Food processors are also great for desserts and can significantly reduce the time it takes to make pastry. You can make sweet shortcrust pastry and pie pastry by popping all of the ingredients in the bowl and pulsing until they form a ball. A brilliant time-saving (and mess-free) way to make pastry.
We put 13 food processors to the test by chopping, slicing and dicing a range of ingredients as well as making pastes, sauces and kneading doughs. Read on to find out which models came top.
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What is a food processor?
A food processor is an appliance designed to act as an extra pair of hands in the kitchen. One key benefit of a food processor is that it’s a multitasker, often coming with various accessories and functions. Almost all use a rotating gear to turn their various accessories, which will typically include extra discs for slicing or grating, alongside the main blade arrays for chopping or mixing.
Some food processors come loaded with additional blender-like functions, like smoothie-making or dough-mixing, so you can tick several appliance boxes with one purchase.
Before choosing the best food processor for you, you need to ask yourself which functions you’d like it to perform. All food processors will come with a chopping blade as standard. This can be used for most tasks, including making hummus, cauliflower rice, even homemade tomato sauce. And then there are other attachments to consider. Some of the most common attachments include:
- Whisking disc: with a ripple design, this can be used to whip cream, make mayonnaise and even whisk egg whites
- Dough blade: looking not dissimilar to the chopping blade, this is often made from plastic with a dull edge and shorter arms. As the name suggests, it can be used to knead all kinds of dough, from cookie dough for our chocolate & hazelnut thumbprint cookies to pizza dough
- Shredding disc: this has teeth like the kind you have on a grater. Ideal for grating cheese, carrot and chocolate while keeping your knuckles safe
- Slicing disc: for super-even slices, ideal for preparing potatoes to make next-level potato dauphinoise. On some models only one thickness of slice is available – on higher-end models you’re able to adjust the thickness
The more expensive, premium food processors often come with these additional extras:
- Dicing and French-fry attachments: to produce perfect cubes of hard ingredients or batons for French fries
- Different-sized bowls: an additional small bowl that fits inside the main bowl makes life a lot easier if you’re only looking to process a small quantity of food
You should also consider how much of a technical challenge you are willing to tackle. As a rule, the more functions a food processor has, the more complex it will be to assemble and use correctly.
What can a food processor be used for?
There are countless uses for a food processor, a small selection of which have been detailed above. The action of the machine is modified by switching between attachments – so you might set it up with a disc attachment to chop some ingredients, then switch to a blade to mix those ingredients into a sauce or paste. Food processors are multifunctional and multipurpose, and are useful for making sweet and savoury dishes alike.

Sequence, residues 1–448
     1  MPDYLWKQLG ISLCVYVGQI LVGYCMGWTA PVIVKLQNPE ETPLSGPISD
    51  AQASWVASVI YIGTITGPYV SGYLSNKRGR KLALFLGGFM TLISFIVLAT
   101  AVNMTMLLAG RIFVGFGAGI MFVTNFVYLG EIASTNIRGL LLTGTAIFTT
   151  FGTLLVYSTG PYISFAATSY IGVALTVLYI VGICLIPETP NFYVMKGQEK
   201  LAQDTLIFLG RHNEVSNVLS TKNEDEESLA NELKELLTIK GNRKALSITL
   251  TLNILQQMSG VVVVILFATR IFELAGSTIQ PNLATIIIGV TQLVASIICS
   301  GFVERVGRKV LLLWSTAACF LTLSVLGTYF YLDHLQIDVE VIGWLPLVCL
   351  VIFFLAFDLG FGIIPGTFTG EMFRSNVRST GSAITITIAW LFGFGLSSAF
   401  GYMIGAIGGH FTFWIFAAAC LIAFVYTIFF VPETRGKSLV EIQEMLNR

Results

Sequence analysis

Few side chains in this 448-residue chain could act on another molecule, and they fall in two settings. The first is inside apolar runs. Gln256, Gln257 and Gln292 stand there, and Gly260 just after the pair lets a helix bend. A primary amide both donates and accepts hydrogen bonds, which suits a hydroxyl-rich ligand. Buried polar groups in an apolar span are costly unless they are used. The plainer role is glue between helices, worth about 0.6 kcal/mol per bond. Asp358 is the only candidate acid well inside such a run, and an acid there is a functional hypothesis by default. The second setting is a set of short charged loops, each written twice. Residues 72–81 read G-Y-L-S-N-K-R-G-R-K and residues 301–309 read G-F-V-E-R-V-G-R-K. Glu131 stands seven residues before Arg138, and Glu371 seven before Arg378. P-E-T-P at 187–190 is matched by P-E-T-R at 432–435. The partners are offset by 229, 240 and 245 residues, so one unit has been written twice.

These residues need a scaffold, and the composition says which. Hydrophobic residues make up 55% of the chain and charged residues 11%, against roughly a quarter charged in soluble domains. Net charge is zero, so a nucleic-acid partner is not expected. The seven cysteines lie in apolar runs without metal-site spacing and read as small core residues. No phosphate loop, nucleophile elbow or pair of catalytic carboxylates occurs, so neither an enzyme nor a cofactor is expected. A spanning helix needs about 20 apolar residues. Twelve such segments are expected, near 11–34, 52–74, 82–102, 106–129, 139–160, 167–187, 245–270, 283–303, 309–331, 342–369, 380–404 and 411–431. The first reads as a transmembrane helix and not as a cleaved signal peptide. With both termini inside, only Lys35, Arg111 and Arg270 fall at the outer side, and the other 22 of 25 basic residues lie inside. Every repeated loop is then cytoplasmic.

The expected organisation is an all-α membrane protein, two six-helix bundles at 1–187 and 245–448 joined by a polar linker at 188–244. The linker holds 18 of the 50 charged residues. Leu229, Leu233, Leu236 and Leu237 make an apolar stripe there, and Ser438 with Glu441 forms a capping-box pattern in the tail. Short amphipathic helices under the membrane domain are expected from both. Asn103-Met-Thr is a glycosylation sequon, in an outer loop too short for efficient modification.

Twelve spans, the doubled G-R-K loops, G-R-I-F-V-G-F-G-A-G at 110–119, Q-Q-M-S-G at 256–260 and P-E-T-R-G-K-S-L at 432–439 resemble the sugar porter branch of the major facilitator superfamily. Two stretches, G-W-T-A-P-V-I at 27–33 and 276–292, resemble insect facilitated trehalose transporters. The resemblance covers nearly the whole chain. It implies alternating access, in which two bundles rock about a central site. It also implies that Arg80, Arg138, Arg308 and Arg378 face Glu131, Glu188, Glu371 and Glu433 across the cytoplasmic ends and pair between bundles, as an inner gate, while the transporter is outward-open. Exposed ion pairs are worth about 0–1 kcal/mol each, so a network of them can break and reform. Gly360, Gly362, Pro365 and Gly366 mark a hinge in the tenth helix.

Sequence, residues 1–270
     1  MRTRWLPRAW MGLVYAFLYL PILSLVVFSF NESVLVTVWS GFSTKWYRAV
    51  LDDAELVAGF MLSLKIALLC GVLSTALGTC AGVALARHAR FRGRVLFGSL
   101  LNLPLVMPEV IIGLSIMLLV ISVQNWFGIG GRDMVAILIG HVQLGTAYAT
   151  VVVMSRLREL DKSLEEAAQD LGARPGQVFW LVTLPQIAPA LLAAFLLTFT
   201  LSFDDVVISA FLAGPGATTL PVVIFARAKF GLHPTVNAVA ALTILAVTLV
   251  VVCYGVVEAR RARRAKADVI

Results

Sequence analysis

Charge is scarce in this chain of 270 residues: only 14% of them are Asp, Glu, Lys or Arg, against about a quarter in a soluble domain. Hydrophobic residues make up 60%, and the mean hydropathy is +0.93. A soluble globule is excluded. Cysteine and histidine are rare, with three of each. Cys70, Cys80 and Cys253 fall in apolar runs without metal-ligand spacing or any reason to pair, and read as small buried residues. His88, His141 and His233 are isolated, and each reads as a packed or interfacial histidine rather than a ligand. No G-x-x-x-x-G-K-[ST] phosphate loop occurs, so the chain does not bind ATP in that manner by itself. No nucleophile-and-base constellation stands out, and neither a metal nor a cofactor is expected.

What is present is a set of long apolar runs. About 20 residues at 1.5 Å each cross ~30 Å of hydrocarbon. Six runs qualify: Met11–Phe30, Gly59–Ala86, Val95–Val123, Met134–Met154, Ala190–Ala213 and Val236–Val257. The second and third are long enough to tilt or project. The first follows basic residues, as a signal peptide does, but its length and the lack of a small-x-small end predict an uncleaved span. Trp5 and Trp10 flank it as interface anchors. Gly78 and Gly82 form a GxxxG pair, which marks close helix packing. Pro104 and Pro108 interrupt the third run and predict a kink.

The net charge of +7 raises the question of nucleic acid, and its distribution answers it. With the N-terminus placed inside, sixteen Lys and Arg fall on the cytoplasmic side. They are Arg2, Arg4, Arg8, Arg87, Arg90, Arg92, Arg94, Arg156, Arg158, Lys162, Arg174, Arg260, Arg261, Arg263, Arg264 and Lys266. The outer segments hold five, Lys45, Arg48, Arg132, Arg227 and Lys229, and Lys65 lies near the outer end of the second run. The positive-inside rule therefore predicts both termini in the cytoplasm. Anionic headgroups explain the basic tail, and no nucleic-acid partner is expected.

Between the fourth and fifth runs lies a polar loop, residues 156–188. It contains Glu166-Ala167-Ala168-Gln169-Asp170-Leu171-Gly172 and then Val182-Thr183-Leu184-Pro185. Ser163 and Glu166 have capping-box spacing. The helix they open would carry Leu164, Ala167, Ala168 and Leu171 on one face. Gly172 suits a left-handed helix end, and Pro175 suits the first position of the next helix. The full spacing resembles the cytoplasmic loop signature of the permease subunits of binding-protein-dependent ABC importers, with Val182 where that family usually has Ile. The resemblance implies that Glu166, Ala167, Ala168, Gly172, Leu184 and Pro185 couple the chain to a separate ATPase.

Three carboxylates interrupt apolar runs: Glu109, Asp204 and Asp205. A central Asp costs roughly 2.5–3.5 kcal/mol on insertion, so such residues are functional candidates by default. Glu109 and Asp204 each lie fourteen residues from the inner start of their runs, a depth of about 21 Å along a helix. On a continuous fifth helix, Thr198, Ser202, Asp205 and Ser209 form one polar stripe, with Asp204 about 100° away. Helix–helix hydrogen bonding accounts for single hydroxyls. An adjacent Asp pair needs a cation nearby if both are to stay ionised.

- Best basic food processor: Cuisinart FP8U Easy Prep Pro, £99.45
- Best value food processor: VonShef 1000W food processor, £74.99
- Best food processor for gadget lovers: Sage The Kitchen Wizz Peel & Dice, £499
- Best food processor to leave out on the counter: Russell Hobbs Retro cream food processor, £79.99
- Best food processor for sturdiness: KitchenAid food processor 3.1L, £193
- Best 2-in-1 food processor/stand mixer: Bosch CreationLine Kitchen Machine, £449
- Best food processor for bakers: Kenwood FPM810 MultiPro Sense food processor, £229
- Most compact food processor: KitchenAid 2.1L food processor, £179.99
- Best food processor for versatility: Ninja 3-in-1 food processor with Auto IQ, £149.99
- Best food processor for fine blitzing: Russell Hobbs Desire food processor, £54
Cuisinart FP8U Easy Prep Pro
best basic food processor
Pros: high-quality components, attractive design
Cons: no jug attachment
Star rating: 4.5/5
This is a great food processor if you’re looking for a reasonably priced machine that will do the basics with minimum fuss. The components are pared back but highly effective, working through ingredients quickly and efficiently. The materials all feel well-made, from the stylish outer shell to the strong blades.
Read our full Cuisinart Easy Prep Pro review
VonShef 1000W food processor
best value food processor
Pros: more power than previous 750 model, XXL feeder tube, 3.5L food processor capacity, smart blade storage draw
Cons: cheap-feel components
Star rating: 4/5
This 1000W food processor is a step up from its 750W predecessor in a number of ways. The first and most obvious is power. The next is capacity. You can blitz a whopping 2.8 litres worth of ingredients in its 3.5-litre bowl, which is very useful for batch cooking.
Read our full VonShef food processor review
Sage The Kitchen Wizz Peel & Dice
best food processor for gadget lovers
Pros: dazzling build quality, innovative functions, quiet
Cons: very expensive
Star rating: 4.5/5
Minimalist in design but not in stature, this is a serious hunk of die-cast metal finished to an incredibly high spec. For such an innovative and complex machine, it’s actually very easy to use. One major perk is how quiet it is. While lots of food processors shriek and whine, the Sage has a pleasingly low whirr. The accessories are particularly sharp and come in a large storage case, which is worth bearing in mind if you’re low on kitchen space.
Read our full Sage The Kitchen Wizz Peel & Dice review
Russell Hobbs Retro cream food processor
best food processor to leave out on the counter
Pros: lovely retro design, decent performance
Cons: noisy when used on higher speed setting
Star rating: 4/5